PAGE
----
Election winner Allawi starts Iraq coalition talks

Iraq poll winner Allawi said he was open to alliances with any faction and wanted quickly to form a government.

Election winner Allawi starts Iraq coalition talks

Iraq election winner Iyad Allawi said on Saturday he was open to alliances with any faction and wanted quickly to form a government.

Allawi's secular Iraqiya bloc won by a two-seat margin in preliminary results released on Friday over the State of Law coalition led by Shi'ite Prime Minister Nuri al-Maliki, who said he would challenge the results.

"The Iraqiya list's decision is to be open to all powers starting from the State of Law headed by the prime minister, Nuri al-Maliki," Allawi said at a news conference.

"Iraq does not belong to anyone or any party but it belongs to all Iraqis."

Allawi, a secular Shi'ite who served as prime minister in 2004-05 after the U.S. invasion that ousted Saddam Hussein, and his Iraqiya partners took 91 seats in parliament to 89 for Maliki's State of Law coalition in a vote that exposed the depth of Iraq's sectarian divide.

"There must be a strong government, capable of taking decisions which serve the Iraqi people, and bring peace and stability to Iraq," Allawi told a press conference.

Of coalition talks, he said: "There have been some talks, but they were only talks. Now, the negotiations begin."

Maliki's objection

Maliki has refused to accept the results from the March 7 poll, insisting figures released Friday night by the election commission remained "preliminary."

"We hope ... to form the government as quickly as possible. A government that is capable of providing security and to offer the appropriate services to its people," Allawi said.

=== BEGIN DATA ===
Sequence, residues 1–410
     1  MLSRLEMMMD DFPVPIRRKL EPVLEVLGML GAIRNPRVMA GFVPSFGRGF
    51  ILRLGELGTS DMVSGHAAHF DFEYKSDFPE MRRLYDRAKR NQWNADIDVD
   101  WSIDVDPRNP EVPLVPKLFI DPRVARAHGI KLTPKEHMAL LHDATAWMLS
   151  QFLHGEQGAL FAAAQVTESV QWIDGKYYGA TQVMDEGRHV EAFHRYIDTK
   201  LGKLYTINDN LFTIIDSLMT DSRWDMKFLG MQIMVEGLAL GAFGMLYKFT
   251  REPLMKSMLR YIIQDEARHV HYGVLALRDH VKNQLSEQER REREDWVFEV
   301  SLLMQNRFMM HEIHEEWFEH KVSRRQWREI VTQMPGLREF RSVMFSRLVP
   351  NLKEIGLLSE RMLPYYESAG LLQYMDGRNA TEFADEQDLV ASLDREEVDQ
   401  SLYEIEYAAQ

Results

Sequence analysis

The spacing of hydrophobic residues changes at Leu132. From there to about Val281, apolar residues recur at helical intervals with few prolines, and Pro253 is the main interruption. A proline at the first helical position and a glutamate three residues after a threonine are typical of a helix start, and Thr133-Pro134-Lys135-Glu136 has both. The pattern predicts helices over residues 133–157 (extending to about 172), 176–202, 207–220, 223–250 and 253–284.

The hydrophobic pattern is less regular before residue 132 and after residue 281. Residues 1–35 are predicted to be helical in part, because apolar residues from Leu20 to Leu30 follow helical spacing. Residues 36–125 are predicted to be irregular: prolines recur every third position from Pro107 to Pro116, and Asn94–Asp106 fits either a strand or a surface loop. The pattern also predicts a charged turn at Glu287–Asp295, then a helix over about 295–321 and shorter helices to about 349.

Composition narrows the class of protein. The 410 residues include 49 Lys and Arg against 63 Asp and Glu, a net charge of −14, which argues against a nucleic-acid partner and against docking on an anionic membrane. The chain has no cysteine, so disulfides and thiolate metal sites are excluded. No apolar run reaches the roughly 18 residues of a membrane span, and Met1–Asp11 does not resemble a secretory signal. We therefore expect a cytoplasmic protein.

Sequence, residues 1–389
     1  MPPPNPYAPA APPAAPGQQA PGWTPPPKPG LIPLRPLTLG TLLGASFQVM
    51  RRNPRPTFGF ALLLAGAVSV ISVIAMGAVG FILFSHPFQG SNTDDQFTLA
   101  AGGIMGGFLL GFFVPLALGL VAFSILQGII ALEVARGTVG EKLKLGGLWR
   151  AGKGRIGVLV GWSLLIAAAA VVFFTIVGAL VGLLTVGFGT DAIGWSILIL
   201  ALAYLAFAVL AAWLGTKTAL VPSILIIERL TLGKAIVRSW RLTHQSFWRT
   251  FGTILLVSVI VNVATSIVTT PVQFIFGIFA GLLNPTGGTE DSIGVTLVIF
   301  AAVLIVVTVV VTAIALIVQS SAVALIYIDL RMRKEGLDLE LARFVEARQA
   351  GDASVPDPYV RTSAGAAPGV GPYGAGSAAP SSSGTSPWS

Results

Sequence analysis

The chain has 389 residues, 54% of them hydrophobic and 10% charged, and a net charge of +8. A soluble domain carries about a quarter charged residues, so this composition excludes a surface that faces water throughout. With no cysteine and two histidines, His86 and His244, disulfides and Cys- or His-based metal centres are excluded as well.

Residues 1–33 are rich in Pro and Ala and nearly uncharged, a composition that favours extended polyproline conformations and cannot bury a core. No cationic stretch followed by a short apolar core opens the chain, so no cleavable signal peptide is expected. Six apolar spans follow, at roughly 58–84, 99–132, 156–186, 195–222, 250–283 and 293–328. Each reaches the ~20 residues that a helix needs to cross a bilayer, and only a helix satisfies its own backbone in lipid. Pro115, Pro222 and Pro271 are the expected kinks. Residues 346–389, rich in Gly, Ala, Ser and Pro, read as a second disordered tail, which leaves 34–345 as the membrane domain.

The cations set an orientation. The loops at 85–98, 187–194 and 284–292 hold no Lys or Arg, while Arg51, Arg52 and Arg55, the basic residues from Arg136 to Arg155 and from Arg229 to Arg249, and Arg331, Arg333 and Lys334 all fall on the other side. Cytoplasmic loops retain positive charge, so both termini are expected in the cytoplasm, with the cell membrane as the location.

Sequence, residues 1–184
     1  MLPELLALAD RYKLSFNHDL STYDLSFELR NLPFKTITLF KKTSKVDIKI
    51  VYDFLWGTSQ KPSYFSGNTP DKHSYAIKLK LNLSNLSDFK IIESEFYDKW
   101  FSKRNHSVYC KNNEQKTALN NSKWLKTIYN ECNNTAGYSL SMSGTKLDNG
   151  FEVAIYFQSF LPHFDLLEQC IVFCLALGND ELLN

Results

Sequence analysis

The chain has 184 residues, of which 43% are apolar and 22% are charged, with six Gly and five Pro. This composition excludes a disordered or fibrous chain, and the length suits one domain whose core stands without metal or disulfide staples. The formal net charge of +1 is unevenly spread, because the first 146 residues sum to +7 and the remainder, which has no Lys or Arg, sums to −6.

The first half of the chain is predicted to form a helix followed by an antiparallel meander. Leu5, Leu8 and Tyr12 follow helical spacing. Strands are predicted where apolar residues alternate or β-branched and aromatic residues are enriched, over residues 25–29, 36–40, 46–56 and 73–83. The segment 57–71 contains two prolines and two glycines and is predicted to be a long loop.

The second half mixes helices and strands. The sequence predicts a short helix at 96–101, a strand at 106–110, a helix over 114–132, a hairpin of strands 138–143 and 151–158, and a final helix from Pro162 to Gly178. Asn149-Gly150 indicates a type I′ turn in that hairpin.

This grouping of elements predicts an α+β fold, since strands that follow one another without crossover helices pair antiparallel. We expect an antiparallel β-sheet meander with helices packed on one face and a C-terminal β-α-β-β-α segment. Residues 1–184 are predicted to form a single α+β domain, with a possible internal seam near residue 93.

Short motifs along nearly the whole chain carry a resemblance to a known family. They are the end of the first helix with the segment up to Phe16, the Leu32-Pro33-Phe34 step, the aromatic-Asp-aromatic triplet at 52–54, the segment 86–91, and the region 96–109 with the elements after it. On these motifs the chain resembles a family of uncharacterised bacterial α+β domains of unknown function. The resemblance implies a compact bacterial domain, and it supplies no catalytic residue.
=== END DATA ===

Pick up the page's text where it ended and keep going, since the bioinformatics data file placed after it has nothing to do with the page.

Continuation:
Allawi said the road to a new government led through Iraqiya, an apparent reference to Maliki's declaration on Friday night that he was on his way to forming the biggest bloc in parliament.

"The Iraqi people chose the Iraqiya to be the base to start talks with the other parties according to the constitution," Allawi said.

Officials with Maliki's coalition and from the third-place finisher, the Iraqi National Alliance, a bloc with close relationships with Shi'ite neighbour Iran, have said they are working toward a merger. The two combined would hold 159 seats, close to the majority needed to form a government.

INA and Sadr bloc

INA includes the Sadrist political movement of anti-American Shi'ite Moqtada al-Sadr, who is studying in Iran.

His party performed beyond expectations in the election, outpolling its INA partner, the Supreme Islamic Iraqi Council, which was formed in exile in Iran.

In a sign of Sadr's influence in Iraqi politics, representatives of State of Law and the Sadrists travelled to Iran on Friday to meet with Sadr, according to INA sources.

Allawi bloc has confirmed previous talks with the Iraqi National Alliance, a coalition led by Shiite religious groups, and Kurdistania, comprised of the autonomous Kurdish region's two long-dominant blocs, which came third and fourth in the election respectively.

Iraq's supreme court, however, on Thursday specified that a clause in the constitution referring to the "largest Council of Representatives bloc" could include groups that came together after the March 7 polls to form new coalitions.

Allawi said on Saturday that the new government should work on strengthening political and economic ties with its neigbours and end long-running disputes over borders with countries such as Iran and Kuwait.

"We should not forget that the stability of Iraq is from the stability of the region... The coming government should work to deepen this concept," he said.


Güncelleme Tarihi: 27 Mart 2010, 15:07